It has always amazed me that you do not have to teach children how to talk. Language is incredibly complex—as anyone who has tried to learn a second language knows well. Yet, children learn to speak just by listening to those around them. Their mastery comes by seeing speech modeled for them day after day.
We conclude our study by returning to the place where we started, with Psalm 42. Here, the speaker expresses his longing for God’s presence. To him, God seems distant and remote. Twice the Psalmist rouses himself, saying, “Why, my soul, are you downcast? Why so disturbed within me? Put your hope in God, for I will yet praise him, my Savior and my God” (vv. 5, 11).
He realizes the need to embrace God’s promised future. He knows that ultimately, God will work things out. The psalms in Book 2 model for us how to put our hope in God. Just as a child learns how to speak by listening to others, we can learn how to put our hope in God by praying through the psalms. In these powerful poems, the Psalmists engage with God during difficult and trying circumstances: pursued by enemies, when falsely accused, as their nation is defeated, when they see the wicked prosper when they are confronted by their own sin, when they are under God’s judgment, and when God answers their requests.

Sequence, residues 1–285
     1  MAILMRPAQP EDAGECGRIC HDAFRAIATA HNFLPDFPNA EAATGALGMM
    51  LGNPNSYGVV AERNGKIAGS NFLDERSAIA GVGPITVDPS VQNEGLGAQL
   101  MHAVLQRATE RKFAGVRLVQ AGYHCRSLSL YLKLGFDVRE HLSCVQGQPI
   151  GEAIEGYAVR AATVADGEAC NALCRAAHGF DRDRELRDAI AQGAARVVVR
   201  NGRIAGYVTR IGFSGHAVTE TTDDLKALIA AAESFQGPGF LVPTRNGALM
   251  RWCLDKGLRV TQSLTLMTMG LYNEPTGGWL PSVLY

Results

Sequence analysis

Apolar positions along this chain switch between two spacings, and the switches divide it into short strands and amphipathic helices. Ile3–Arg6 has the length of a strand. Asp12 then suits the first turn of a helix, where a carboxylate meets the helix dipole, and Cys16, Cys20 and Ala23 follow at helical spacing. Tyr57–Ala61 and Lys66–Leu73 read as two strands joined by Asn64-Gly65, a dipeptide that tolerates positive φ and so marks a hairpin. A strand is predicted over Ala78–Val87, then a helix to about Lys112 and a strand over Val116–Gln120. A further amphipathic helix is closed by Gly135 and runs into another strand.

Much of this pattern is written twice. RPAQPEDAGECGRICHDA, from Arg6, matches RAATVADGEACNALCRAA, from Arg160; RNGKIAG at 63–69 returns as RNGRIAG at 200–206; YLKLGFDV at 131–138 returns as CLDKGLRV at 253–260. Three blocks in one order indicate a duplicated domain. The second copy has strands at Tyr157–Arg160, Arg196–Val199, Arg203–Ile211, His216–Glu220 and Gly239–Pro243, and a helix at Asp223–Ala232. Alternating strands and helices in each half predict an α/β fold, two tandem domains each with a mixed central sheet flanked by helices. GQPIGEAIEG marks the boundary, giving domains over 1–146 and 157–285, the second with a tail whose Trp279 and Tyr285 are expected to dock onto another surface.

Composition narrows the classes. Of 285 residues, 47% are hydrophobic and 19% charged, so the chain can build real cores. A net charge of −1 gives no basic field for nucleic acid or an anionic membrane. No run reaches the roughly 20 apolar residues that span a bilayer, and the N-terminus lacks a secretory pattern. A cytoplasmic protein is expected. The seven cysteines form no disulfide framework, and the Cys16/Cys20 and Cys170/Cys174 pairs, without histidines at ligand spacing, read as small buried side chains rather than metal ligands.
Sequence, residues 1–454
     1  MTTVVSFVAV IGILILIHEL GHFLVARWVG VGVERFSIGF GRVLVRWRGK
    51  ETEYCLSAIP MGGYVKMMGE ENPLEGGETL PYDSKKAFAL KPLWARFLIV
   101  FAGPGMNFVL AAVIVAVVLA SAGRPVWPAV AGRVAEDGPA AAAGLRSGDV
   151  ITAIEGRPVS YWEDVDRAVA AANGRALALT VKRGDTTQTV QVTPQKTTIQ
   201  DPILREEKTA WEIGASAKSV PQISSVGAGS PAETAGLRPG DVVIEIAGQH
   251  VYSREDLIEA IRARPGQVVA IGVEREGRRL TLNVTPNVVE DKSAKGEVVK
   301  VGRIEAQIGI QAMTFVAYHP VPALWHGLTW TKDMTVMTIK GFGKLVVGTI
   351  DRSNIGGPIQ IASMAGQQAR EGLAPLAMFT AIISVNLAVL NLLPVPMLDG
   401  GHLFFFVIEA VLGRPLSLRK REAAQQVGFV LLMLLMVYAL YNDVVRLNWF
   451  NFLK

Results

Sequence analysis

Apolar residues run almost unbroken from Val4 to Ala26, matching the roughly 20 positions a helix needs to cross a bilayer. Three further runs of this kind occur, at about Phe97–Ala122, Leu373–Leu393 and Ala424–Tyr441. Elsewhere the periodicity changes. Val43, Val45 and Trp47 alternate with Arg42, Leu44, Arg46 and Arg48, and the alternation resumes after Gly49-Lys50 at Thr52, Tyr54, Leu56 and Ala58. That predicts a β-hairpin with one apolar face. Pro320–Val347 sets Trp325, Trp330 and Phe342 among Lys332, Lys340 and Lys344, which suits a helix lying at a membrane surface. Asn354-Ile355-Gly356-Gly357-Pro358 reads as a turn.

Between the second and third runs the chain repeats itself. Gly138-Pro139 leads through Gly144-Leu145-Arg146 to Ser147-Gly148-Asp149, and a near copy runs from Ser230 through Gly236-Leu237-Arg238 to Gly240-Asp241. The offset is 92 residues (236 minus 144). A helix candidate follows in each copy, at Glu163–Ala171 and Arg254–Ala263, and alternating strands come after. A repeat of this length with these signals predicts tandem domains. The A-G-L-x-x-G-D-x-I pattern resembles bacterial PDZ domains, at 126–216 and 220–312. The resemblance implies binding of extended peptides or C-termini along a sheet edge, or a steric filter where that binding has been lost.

They are honest with God and with themselves, trusting in God’s plan and intentions, looking to Him instead of at others for their worth and value, and by trusting that God’s promised Messiah will come to redeem and rule.
>> Biblical faith is characterized by hope. Just like the Psalmists looked forward to the coming of the Messiah, we long for His return. This gives us confidence to approach God’s throne boldly, praying that “your kingdom come, your will be done on earth as it is in heaven” (Matt. 6:10).
We conclude this month the same way we started...with the hope we have in God! As we pray today, follow the Psalmist’s exhortation: “Put your hope in God” (Ps. 42:5, 11).